Bitcoin Introduction

Bitcoin is a p2p decentralized crypto currency. The system is decentralized, however, so the database is stored on every participating computer simultaneously.  The bitcoin was first introduced in Satoshi Nakamoto’s 2008 whitepaper, and the original open source project itself was founded on January 3, 2009.

Bitcoin is the first such distributed currency and it is not controlled by any organization or government. Bitcoin architecture has no middlemen to take fees from every transaction you make.

Gmail lets you send messages free anywhere in the world. WhatsApp does the same for telephone conversations. And now there’s Bitcoin, allowing you to send money from anywhere to anywhere with no national borders.

For its first two years, it slowly expanded its user base until it was mentioned in an article on Slashdot in late 2010, beginning a sudden influx of new users and media attention and a rapid increase in prices as Bitcoin was for the first time truly exposed to the real world. Since its inception, it has grown to a size of over a million users and its 8.5 million currently existing units are altogether worth tens of millions of dollars.

The price of bitcoin first two years was great for early investors, just remember about the most expensive pizzas in history, but after the article on Slashdot in late 2010, something change and beginning an influx of new users, investors so this could not go unnoticed by the media as a result a rapid increase in prices as Bitcoin was for the first time truly exposed to the real world.

Bitcoin’s decentralized database secures transfers between addresses using a math algorithm known as digital signatures. This method prevents a problem known as double-spending sending because transactions are broadcast to the entire network and synchronizing this information across all participating machines.

One thing often overlooked is that bitcoin is most useful in chaotic economies. Bitcoin likely will not replace the Euro, Dollar, Yen, or Yuan for very long time (if ever). However many economies suffer from poor economic planning and gross manipulation by central banks.

Take the Zimbabwe hyperinflation scenario. If bitcoin existed and was easily used by 3rd world country as the Zimbabwe dollar collapsed due to rampant printing of money people would move to another store of value such as bitcoin. While the Z dollar would still have collpased the material affect on the economy would be less significant.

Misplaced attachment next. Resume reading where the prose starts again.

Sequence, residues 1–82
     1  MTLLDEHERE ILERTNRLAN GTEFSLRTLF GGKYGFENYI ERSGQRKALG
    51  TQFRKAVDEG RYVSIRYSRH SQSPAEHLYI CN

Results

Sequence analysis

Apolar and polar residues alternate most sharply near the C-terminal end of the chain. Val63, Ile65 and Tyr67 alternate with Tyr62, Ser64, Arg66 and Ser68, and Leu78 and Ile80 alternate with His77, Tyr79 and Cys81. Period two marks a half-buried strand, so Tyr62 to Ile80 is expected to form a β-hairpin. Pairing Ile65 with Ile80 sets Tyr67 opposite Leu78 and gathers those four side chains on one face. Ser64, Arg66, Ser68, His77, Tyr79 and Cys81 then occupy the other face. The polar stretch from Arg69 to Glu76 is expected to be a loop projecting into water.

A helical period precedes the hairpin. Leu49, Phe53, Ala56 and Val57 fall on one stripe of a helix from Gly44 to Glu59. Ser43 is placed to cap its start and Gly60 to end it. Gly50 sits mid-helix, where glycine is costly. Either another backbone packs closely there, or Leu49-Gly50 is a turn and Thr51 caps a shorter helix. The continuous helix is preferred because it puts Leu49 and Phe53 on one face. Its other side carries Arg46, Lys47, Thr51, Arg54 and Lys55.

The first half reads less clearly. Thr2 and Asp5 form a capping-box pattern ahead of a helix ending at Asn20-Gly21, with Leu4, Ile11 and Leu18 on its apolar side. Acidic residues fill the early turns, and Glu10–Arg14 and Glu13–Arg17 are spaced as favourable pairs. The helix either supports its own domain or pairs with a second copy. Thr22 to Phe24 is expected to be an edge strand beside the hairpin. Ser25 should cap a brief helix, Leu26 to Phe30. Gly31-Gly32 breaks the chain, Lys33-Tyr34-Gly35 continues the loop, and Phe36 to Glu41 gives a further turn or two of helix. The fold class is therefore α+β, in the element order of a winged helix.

Thus the first world (providing most of the hashing power) could provide a launch pad for more stable economies in developing nations and greatly increase the use and legitimacy of bitcoin.

Bitcoin “Mining”

Bitcoin mining is the process of using computer power to solve a mathematical problem and be rewarded with bitcoins. Miners need software and hardware to mine. Hardware has traditionally come in the form of a PC but more recently in the form of a ASIC.

Miners connect their hardware to the bitcoin network (internet) and with the help of the mining software help resolve the math problems and add their solutions to the bitcoin block chain which is a reference for all the bitcoin transactions.

In the beginning, what some would call the good old day, bitcoin mining was done on a PC (computer) via the CPU. Initially, Bitcoin miners simply ran Satoshi’s (Bitcoin creator) mining code on their computers and would simply add more computers to improve their mining output. Eventually the program was migrated to use graphics cards and the mining difficulty algorithm rose so much that mining on a CPU became obsolete. The cost of electricity was more than you could mine via a CPU Bitcoin Mining rig. The biggest problem that GPU miners had and still have is keeping their rigs cool. A hot rig can run slow but more importantly it can overheat and ruin the hardware itself. Heat is the number 1 killer of electronics so keep your rigs cool anyway you can.

Eventually the bitcoin mining world would progressed to using Field Programmable Gate Arrays (FPGA) as another alternative mining hardware rig. While FPGAs did not provide a huge increase in mining speed over GPUs, they did use a lot less electricity. A typical 600 MH/s graphics card can use about 400w of power, whereas a typical FPGA mining device would use about 80w of power while processing at the same hash rate. Power efficiency is a crucial element in any bitcoin minors profitability calculator.

The bitcoin mining arena is now migrating over to ASICs or Application Specific Integrated Circuits. An ASIC is a computer chip that is designed specifically for one task. The fact that an ASIC can only perform one job is countered by the fact that an ASIC can offer a 100x increase in hashing power and at the same time reduce power consumption.

There are several start up companies rushing to the market to get the fastest least expensive bitcoin ASIC mining rig to the bitcoin miners. Unlike the CPUs or GPUS, the ASICs appear to be here to stay. There is no foreseeable technology coming along to supplant the ASIC as the bitcoin mining rig of the future. What ASIC manufacturing companies are doing now is trying to reduce power consumption while at the same time, increasing hash rate.

Avalon was the first ASIC to actually hit the market and the frenzy was so great that some of these were selling upwards of 30 to 40k on the secondary market. Avalon was scheduled to release 3 different batches of ASICs but to date have only released 2. Butterfly Labs struggled greatly getting their ASICs to the miners but eventually were able to get their smallest box, the Jalepeno released in the summer 2013.

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